Acceptance of open banking among Canadians: Insights from recent survey


Canada is expected to introduce an open banking framework (also known as consumer-driven banking) on April 16th. This change will transform how many Canadians manage their financial data. This article outlines current acceptance rates of open banking among Canadians, how Canadians expect to use the capabilities available to them under this new regulatory framework, and other potential changes on the horizon.


What is Open Banking?

Open banking allows consumers to securely share their financial data with third-party financial technology companies, commonly known as fintechs. Under open banking, instead of users having to share login credentials with fintechs, secure digital channels facilitate data-sharing, giving consumers greater control and choice over their financial services. While open banking is already the norm in countries like the UK and Australia, Canada has been moving more slowly; leaders say they have been meticulously preparing a framework that ensures its safe and beneficial deployment.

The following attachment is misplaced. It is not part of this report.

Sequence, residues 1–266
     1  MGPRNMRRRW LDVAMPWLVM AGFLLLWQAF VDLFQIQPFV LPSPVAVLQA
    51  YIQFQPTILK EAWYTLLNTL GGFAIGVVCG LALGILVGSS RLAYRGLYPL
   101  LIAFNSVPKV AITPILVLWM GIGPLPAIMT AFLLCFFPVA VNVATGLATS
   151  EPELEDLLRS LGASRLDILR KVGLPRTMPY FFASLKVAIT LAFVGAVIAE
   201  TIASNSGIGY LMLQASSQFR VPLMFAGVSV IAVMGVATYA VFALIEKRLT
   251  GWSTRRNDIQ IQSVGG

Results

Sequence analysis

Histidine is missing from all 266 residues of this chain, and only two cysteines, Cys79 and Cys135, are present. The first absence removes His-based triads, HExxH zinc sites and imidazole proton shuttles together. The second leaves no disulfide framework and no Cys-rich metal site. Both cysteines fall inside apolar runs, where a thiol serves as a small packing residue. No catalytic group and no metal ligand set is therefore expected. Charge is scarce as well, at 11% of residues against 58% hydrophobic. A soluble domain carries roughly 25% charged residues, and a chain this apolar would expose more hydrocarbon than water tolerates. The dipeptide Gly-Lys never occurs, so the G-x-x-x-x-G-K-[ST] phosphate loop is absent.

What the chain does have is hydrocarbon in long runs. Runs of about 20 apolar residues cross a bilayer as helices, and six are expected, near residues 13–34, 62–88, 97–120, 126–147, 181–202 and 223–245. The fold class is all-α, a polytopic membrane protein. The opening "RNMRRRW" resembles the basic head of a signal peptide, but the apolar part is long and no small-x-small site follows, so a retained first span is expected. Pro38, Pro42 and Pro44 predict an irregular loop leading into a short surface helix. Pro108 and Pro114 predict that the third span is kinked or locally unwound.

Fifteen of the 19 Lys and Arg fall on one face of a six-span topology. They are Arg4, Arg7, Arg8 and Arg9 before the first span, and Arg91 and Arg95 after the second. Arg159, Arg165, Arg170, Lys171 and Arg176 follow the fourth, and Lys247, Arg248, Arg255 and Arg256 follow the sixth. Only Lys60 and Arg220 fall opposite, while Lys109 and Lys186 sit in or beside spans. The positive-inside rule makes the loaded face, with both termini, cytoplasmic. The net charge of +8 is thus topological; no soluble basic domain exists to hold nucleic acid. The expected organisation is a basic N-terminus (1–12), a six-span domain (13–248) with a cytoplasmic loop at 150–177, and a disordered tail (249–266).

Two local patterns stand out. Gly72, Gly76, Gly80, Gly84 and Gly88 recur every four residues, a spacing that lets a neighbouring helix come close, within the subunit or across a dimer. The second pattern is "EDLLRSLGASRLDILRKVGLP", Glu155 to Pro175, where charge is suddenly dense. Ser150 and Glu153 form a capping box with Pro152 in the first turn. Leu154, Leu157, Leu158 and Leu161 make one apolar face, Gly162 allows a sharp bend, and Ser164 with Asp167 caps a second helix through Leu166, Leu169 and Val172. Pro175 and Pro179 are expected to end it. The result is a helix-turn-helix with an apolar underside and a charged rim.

Current Landscape in Canada

Canada’s current lack of an open banking system means that users are forced to rely on less secure data-sharing practices like screen scraping: This method involves sharing one’s banking credentials with fintech apps, posing significant security and privacy risks. The anticipation of a regulated open banking framework aims to mitigate these risks by providing a structured and secure environment for data sharing.


The Benefits of Open Banking

The transition to open banking promises several benefits: